One of the first comparisons that can be made when converting a table to an HTable is the use of columns. The notion of a column in an HBase table is quite different from that of a column in an SQL table. In an SQL table, a column is meant to hold a single piece of data type whereas a column, or rather a column family, in an HBase table can contain multiple pieces of data via a key-value pair. A column family in an HBase table should be considered as a container of key-value pairs. The column family is determined by the information in each row and it regroups key-value pairs of related data. For example, the column family “address” contains the following columns: house number, street name, city, province, country and postal code. One of the major differences between columns in a RDB and an HBase column family is that there is no strict definition for HBase columns and they can be added dynamically when needed. Therefore, if the address is different from one country to another, new columns can be added to the column family when needed. This flexibility would be very hard to build into an address table using relational databases, as we would need to modify the table in the future if new columns were needed. The nature of a column family lends itself well to this type of situation since the HTable will not need modifications to accommodate the differences in addresses. However, this imposes a restriction on the conversion of an RDB table, as it cannot be faithfully recreated in NoSQL.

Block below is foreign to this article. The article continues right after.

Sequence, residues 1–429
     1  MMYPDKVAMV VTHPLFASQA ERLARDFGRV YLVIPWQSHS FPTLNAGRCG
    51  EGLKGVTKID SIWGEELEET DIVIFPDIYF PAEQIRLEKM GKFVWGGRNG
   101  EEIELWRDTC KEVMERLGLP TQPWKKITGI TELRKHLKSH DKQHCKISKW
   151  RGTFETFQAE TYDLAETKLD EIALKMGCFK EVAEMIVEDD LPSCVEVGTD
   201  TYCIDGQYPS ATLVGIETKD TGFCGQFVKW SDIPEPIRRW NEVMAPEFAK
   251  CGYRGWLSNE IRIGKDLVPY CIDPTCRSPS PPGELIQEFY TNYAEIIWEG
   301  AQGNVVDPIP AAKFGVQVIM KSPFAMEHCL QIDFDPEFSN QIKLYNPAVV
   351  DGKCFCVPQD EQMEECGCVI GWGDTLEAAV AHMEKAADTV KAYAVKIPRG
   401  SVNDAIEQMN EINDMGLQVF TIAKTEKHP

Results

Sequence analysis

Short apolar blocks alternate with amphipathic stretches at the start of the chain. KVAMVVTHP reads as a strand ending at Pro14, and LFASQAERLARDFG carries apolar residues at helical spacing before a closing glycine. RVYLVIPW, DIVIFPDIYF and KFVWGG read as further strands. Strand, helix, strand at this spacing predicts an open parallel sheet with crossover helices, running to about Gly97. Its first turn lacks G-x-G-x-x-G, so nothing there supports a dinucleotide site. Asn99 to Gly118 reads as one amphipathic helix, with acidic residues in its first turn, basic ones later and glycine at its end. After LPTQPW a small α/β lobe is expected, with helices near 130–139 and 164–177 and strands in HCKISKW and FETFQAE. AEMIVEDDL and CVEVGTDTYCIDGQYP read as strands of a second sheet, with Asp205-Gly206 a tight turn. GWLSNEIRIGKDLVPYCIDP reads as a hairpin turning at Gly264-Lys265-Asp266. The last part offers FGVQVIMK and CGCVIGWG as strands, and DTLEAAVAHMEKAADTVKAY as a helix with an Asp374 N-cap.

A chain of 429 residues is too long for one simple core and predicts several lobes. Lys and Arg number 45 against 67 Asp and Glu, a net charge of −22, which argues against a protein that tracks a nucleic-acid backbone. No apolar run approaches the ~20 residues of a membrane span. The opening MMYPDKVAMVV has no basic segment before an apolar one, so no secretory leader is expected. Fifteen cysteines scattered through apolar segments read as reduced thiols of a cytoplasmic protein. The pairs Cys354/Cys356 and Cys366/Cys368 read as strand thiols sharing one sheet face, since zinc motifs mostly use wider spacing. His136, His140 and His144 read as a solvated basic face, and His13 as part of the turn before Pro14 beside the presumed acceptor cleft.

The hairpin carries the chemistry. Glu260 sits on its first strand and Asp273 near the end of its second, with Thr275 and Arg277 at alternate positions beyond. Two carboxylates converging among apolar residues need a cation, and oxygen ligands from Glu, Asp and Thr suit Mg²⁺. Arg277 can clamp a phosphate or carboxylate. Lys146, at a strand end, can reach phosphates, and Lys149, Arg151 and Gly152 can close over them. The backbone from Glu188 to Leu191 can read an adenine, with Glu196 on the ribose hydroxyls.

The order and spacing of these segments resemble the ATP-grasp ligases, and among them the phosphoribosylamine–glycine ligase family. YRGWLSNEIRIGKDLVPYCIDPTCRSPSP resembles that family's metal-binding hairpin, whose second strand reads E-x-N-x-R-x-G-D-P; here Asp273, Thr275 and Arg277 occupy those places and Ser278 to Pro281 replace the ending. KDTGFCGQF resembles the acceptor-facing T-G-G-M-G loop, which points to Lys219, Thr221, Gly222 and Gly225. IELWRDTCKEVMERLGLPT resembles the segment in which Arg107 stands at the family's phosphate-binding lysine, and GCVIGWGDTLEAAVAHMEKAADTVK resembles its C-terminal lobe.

HBase design fundamentals
RDB use three types of relationships between tables: one-to-one, one-to-many and many-to-many. The first two are designed using one table containing a foreign key that references the second table. As for the many-to-many relationship, it requires a third intermediate table that holds references to the other two tables, which can ultimately be broken down into two one-to-many relationships between the first and third table and between the second and third table. Therefore, the many-to-many relationship is simply a combination of one-to-many relations between three tables, which also means that there is no direct link between the first and second table as opposed to the one-to-one and one-to-many relationships. Thus, for conversion purposes, we can only consider a relation that has a direct link between two tables.
In HBase, it is quite different since such relationships do not exist. Without relations, the focus when creating or converting an RDB schema to HBase is to define the access pattern upfront and ask the important questions (i.e. also known as “what is your use case”), namely what is accessed, how it gets accessed and when is it accessed. The following are well-known methods to convert a simple RDB relationship. It can be converted into either a one HTable or a two HTable design (i.e., HTable being an HBase table). A one HTable design results in two possible conversions: the first would be a merge of both RDB tables into one column family and the other would be to create two column families, one for each RDB table. The two HTable design conversion closely resembles its RDB table counterpart, as each HTable will hold one column family for each RDB table.
An HBase design schema can be summarized as follows:
Generally, all the data that are accessed at the same time should be grouped into a single column family to ensure that searching is efficient. Therefore, this would be represented in a single table containing a single column family. Otherwise, if the data being accessed that need to be close to each other are accessed at different points in time, we could represent this with a single table but with two column families.